Raspberry Pi 4 to support Network install to a blank MicroSD card
The Raspberry Pi 4 will soon be able to install Raspberry Pi OS without the need for external hardware to flash the image. Raspberry Pi Network install will allow users to install a blank MicroSD card into their board, which will trigger the launch of Raspberry Pi Imager on the Raspberry Pi, and flash the image downloaded from the Raspberry Pi website.
So far in order to install Raspberry Pi OS, you had to download Raspberry Pi Imager on a computer or a working Raspberry Pi, insert the MicroSD card into the host, and flash the image, before moving the MicroSD card into the Raspberry Pi board. This works just fine for most people, but if the Raspberry Pi is your only computing device, as may be the case in developing countries, that does not work. Network Installs may also speed up the installation process in the classroom where multiple boards may need to be set up.
But wait… If the SD card is empty how can this possibly work? That’s because while the bootloader (bootcode.bin) used to be found in the MicroSD card’s boot partition in earlier Raspberry Pi boards, the bootloader is now located in the Raspberry Pi 4 EEPROM. The Raspberry Pi Foundation simply changed the bootloader code to enable the Network install feature, and yes, it will only work with Raspberry Pi 4, CM4, and Raspberry Pi 400 keyboard PC, but not Raspberry Pi 3 and earlier models. You’ll need an Ethernet cable too since WiFi is not available from the bootloader.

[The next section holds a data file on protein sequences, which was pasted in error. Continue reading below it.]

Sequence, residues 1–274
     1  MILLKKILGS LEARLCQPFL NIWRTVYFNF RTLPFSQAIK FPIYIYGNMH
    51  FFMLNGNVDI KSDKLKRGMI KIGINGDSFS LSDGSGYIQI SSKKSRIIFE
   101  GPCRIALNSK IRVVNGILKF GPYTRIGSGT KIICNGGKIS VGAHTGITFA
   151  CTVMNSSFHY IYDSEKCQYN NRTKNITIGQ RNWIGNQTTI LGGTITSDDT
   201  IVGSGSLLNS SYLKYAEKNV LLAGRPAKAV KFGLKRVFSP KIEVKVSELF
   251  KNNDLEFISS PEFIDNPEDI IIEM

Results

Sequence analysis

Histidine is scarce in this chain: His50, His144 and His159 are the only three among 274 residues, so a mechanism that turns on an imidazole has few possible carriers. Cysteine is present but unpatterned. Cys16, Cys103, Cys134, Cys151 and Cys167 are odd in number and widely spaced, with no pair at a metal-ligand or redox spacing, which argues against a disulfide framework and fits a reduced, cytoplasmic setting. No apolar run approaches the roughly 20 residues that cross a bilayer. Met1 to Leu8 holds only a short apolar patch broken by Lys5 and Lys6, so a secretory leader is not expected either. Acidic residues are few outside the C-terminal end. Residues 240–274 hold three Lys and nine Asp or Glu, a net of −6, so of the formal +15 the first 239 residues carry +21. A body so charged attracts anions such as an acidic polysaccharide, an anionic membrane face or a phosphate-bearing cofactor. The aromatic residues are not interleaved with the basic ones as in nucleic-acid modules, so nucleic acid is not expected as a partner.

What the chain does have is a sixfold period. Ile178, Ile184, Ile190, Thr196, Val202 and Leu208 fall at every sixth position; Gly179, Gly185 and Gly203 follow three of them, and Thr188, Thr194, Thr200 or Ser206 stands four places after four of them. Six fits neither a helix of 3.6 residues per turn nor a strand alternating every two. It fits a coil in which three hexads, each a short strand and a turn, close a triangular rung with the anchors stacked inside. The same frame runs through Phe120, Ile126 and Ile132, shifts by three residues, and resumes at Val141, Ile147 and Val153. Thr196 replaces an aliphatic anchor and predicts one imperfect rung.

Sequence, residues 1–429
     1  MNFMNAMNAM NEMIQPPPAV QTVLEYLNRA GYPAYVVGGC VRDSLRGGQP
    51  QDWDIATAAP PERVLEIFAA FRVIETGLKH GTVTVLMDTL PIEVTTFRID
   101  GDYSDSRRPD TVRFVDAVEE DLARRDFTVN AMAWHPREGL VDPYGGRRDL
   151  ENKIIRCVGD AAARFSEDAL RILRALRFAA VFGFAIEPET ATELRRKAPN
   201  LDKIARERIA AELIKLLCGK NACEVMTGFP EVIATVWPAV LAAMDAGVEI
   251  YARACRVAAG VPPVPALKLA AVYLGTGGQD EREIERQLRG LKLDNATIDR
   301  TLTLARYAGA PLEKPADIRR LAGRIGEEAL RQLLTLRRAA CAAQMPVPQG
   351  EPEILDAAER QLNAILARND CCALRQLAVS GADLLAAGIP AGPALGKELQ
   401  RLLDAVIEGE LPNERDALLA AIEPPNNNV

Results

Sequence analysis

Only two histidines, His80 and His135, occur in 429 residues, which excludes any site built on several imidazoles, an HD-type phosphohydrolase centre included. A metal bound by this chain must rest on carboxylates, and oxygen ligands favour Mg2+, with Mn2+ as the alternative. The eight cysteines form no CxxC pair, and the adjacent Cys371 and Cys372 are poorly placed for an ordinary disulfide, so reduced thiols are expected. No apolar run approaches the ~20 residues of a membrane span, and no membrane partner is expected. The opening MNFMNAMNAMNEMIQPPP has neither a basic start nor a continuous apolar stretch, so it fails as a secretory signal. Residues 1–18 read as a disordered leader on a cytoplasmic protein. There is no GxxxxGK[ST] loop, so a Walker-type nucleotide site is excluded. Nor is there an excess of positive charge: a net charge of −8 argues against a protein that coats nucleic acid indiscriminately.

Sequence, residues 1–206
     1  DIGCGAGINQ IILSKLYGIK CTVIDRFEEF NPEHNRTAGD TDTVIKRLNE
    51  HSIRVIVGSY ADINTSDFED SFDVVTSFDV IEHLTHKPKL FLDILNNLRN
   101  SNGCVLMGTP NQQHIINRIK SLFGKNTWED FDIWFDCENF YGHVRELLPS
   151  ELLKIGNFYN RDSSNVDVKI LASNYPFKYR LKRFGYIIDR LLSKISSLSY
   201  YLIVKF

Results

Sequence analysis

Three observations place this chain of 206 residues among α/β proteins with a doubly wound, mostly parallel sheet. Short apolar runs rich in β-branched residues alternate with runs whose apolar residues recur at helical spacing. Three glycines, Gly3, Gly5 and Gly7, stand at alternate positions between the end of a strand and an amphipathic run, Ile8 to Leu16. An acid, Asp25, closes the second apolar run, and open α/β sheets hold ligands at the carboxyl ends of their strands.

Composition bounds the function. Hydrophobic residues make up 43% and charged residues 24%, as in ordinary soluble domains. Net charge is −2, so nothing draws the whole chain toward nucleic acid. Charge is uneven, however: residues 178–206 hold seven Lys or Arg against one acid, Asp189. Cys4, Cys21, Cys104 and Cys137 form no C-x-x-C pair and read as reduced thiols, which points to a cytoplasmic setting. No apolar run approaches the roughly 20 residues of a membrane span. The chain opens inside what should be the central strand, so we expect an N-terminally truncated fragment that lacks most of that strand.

Eventually, the new bootloader will be installed in the factory, so it will work out of the box. But if you want to try it today, you’ll need to install the Beta Test Bootloader using Raspberry Pi Imager by clicking on the “Choose OS” button, scrolling down to “Misc utility images”, then selecting “Beta Test Bootloader”, and finally “SD card boot”. Once the image is flashed to the MicroSD card, insert it to your powered-down Raspberry Pi 4, connect the power, and wait until the display turns green, or the boards’ LED blinks regularly indicating success.
Now you’re ready to go through the Network Install procedure as shown in the video below.
It looks like only Raspberry Pi OS is supported at this time, and you may not be able to change that easily since the Raspberry Pi Bootloader is closed-source and the Raspberry Pi Foundation only provides binary files.